Rivalry continues to fuel Woods, Mickelson
PITTSFORD, N.Y. – It has been said there are two kinds of great champions: Long drivers who putt well and good iron players who putt well.
Both categories help explain the career success of Tiger Woods and Phil Mickelson. Each is long off the tee and among the best wielding an iron. Each is an excellent putter, albeit Mickelson has been streakier.
PHOTOS: PGA Championship (Monday)
A look at the action on Monday at Oak Hill prior to the 95th PGA Championship.
Both categories also help explain the current juicy state of the sport at the top rung, where Woods ranks first in the world and Mickelson second. They are power players who can get away with teeing off with 3-woods or less. As for putting (strokes gained), Woods ranks fourth on the PGA Tour, Mickelson eighth. In birdie average, they rank 1-2, with a slight edge to Mickelson.
Golf as an entertainment vehicle is never better than when Woods and Mickelson are hitting on all cylinders at the same time. And we have that delicious table setting now entering the PGA Championship at Oak Hill. Woods won the last tournament, the WGC-Bridgestone Championship, by seven strokes. Mickelson won the last major, the Open Championship, by three shots.
Both are highly confident at the moment. Both like difficult but fair Oak Hill. Both seem to bring the best out in each other. Both crave major titles.
Together they have created a rivalry that needs to be cherished while we still have it. Woods is 37, Mickelson 43. This won’t last that many more years.
The rivalry, like many in sports, is further fueled by this undercurrent: They aren’t the best of friends. And that is to be expected for two ultra-competitive, proud men who delight in beating each other.
Asked about their rivalry Tuesday, Woods discounted it by saying, “I actually battled Vijay (Singh) and Ernie (Els) more times.” (Closer to the truth is this: Hank Haney, when he was Woods’ coach, used to say that the first score they’d look for after a Woods round was Mickelson’s.) This is the same Woods who, when asked at Muirfield about Mickelson’s closing 66 for Open victory, said this: “It (66) was out there.”
In other words, there was no tip of the cap.
Publicly, Mickelson is more willing to talk about their relationship and about the positive impact Woods has had on the game overall and on Mickelson’s game specifically. He says they have a “lot more fun together than I think is realized,” citing pingpong matches and bantering at Ryder and Presidents cups.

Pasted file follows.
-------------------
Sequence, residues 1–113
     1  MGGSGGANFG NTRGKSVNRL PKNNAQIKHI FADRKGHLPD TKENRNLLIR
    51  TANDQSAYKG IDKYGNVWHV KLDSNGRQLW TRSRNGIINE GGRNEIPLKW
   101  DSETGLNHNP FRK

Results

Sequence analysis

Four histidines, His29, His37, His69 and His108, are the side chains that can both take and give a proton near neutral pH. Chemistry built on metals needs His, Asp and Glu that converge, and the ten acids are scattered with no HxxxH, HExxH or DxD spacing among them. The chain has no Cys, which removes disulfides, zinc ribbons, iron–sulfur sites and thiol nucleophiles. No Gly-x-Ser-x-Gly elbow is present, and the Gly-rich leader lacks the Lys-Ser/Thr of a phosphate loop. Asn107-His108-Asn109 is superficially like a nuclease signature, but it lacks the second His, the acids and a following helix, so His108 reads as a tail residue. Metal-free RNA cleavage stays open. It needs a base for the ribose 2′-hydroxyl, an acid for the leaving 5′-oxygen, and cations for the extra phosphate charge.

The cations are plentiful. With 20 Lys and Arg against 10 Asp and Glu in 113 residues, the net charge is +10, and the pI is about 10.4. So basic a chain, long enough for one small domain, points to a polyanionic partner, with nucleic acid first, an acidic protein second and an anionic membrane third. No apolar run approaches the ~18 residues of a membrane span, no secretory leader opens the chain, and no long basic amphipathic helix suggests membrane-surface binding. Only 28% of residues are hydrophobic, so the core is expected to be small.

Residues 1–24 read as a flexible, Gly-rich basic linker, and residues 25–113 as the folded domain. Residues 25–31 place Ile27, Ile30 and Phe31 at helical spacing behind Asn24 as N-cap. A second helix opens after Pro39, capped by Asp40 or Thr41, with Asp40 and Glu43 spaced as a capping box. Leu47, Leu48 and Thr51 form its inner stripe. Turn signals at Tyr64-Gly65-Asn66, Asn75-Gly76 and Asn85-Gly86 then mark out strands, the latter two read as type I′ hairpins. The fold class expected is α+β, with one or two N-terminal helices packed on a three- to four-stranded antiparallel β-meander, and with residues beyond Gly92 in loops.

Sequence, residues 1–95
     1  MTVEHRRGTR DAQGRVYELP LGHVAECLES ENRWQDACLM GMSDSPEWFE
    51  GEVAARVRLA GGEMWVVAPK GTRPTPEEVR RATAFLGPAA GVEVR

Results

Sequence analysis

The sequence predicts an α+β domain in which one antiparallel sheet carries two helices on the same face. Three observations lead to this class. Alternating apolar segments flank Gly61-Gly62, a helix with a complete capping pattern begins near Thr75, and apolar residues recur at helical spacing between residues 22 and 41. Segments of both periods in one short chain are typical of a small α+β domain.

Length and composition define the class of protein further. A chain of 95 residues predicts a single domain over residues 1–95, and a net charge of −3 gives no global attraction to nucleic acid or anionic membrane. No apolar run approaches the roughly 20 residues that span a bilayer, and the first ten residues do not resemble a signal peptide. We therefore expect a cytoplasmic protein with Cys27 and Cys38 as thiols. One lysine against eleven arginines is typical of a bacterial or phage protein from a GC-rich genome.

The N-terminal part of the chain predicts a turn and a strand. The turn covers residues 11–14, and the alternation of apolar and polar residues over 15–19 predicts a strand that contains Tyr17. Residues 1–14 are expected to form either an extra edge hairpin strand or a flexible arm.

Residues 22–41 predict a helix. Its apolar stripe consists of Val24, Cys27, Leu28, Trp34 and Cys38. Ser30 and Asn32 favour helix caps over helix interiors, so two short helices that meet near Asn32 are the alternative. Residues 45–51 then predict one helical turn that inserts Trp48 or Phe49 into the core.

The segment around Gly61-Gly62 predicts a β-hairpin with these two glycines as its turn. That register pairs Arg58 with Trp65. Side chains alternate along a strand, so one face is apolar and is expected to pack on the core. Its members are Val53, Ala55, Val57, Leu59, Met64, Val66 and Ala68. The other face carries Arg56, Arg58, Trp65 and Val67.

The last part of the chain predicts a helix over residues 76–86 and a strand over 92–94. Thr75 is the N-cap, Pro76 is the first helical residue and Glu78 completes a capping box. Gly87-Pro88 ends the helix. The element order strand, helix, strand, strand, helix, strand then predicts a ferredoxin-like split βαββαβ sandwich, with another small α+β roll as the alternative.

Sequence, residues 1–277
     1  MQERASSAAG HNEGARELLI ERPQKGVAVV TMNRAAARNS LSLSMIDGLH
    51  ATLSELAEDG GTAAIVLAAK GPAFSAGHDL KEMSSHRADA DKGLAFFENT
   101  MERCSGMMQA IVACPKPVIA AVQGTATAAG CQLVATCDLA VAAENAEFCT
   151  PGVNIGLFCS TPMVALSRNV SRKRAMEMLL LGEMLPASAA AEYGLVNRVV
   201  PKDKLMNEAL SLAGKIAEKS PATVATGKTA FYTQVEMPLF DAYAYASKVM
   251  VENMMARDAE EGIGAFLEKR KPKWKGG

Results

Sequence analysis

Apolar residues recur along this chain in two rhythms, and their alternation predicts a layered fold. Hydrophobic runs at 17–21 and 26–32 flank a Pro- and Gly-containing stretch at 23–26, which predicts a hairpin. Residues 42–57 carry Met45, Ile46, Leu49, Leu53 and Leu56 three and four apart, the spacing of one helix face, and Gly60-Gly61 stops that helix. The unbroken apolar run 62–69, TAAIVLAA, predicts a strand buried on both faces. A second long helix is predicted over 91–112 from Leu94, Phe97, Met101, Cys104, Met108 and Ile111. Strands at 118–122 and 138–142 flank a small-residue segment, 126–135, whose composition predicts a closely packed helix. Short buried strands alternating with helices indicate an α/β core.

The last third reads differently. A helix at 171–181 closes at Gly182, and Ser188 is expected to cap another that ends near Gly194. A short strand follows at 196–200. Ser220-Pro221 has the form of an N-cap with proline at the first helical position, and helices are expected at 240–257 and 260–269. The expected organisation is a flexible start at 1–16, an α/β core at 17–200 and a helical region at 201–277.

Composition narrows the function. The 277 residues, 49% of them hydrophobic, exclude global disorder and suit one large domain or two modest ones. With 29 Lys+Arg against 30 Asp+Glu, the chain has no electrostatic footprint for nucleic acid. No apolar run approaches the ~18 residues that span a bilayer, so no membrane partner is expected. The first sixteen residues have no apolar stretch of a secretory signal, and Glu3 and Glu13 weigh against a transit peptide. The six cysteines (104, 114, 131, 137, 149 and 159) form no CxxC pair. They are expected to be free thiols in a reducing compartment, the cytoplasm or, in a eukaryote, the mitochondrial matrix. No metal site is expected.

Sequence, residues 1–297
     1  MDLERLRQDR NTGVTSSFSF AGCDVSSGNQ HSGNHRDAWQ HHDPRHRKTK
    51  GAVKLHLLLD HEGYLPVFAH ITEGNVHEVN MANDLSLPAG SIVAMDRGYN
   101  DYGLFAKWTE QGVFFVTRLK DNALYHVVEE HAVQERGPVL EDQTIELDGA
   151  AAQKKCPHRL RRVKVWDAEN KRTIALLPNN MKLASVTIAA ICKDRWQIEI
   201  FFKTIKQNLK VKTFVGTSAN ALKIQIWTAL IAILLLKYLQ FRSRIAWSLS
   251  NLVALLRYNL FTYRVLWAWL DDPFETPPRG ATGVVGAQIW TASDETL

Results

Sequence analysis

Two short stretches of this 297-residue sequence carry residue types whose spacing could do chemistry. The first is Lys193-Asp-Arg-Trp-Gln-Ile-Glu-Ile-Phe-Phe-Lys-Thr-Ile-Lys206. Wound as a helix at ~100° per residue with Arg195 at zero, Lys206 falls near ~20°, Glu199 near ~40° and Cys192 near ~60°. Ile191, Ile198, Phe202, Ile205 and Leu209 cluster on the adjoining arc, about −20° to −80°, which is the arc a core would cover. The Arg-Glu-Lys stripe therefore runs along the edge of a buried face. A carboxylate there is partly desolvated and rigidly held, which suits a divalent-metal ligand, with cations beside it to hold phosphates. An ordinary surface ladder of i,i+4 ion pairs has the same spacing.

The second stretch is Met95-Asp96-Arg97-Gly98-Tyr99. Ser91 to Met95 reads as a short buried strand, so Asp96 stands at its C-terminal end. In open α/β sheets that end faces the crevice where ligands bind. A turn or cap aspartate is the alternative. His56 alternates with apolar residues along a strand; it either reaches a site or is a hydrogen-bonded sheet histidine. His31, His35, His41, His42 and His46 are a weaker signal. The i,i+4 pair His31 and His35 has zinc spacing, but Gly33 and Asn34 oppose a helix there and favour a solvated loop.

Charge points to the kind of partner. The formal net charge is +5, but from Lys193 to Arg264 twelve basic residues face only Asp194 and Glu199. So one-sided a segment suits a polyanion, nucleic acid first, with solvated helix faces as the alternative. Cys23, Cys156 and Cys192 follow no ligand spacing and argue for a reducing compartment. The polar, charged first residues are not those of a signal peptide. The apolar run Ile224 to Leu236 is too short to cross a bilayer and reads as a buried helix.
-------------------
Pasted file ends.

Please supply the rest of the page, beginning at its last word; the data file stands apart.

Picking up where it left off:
The teasing extended to Tuesday, when Mickelson was asked about Woods’ blowout victory Sunday. “I think that having Tiger win last week is great because I can’t remember the last time somebody won the week before a major and then went on and won,” he cracked, drawing laughter.
Woods’ influence, though, is no laughing matter.
Close to a decade ago at the Byron Nelson tournament in Irving, Texas, Mickelson told me that Woods’ dominance motivated him and made him practice more. He said that although he would never win as many tournaments as Woods in his career, he thought that if he improved enough he might be able to surpass Woods for a period of time.
“A lot of people consider him the best player in the world,” Mickelson said then. “If I start beating him, what would that make me?”
That was his carrot then and it’s his carrot now. In the last 10 years, Woods has won six majors, Mickelson five. And don’t think they are not counting.
“It’s just incredible what he’s accomplished with the number of wins, the number of majors and the consistency that he’s shown throughout his career,” Mickelson, more prone to compliments than his rival, said Tuesday. “But in the last five or six years, I’ve had some pretty good success head-to-head, and I feel like he brings out the best golf in me. He’s a great motivator for me. He’s helped me work hard. He’s really brought the best out of me, especially when we’ve been paired together.”
He’s right about that.
Before 2007, Woods had a 10-5-3 record against Mickelson when paired in the same group. Since, Lefty leads 8-5-1 head-to-head and in final rounds is 5-0 with a 19-stroke advantage.
Little wonder then that Mickelson, thinking the same way as the golf viewer, says this: “I hope we are able to play together for many more years.”
They figure to battle for a few more years anyway. Woods, showing no signs of slowing down, probably has a good decade left. Mickelson could win more at an advanced age than most because of his immense skill, his feeling “as motivated as ever” and that long swing of his.
To hear Mickelson, he sounds more like 33 than 43.
“I feel as though I started to play my best golf in the last four or five or six months,” Mickelson said. “I’ve keyed in on the two areas that I’ve struggled with for years, which is putting and off the tee. I feel very confident in my ability to get the ball in play off the tee and very confident in my ability on the greens now.”
That figures to serve him well this week and in future majors. He’s the first to recognize that.
“I feel like now the major championships are possibly the easiest ones for me to be in contention and maybe even win because of those weaknesses becoming strengths,” Mickelson said.
We’ve noticed. And so has Tiger Woods.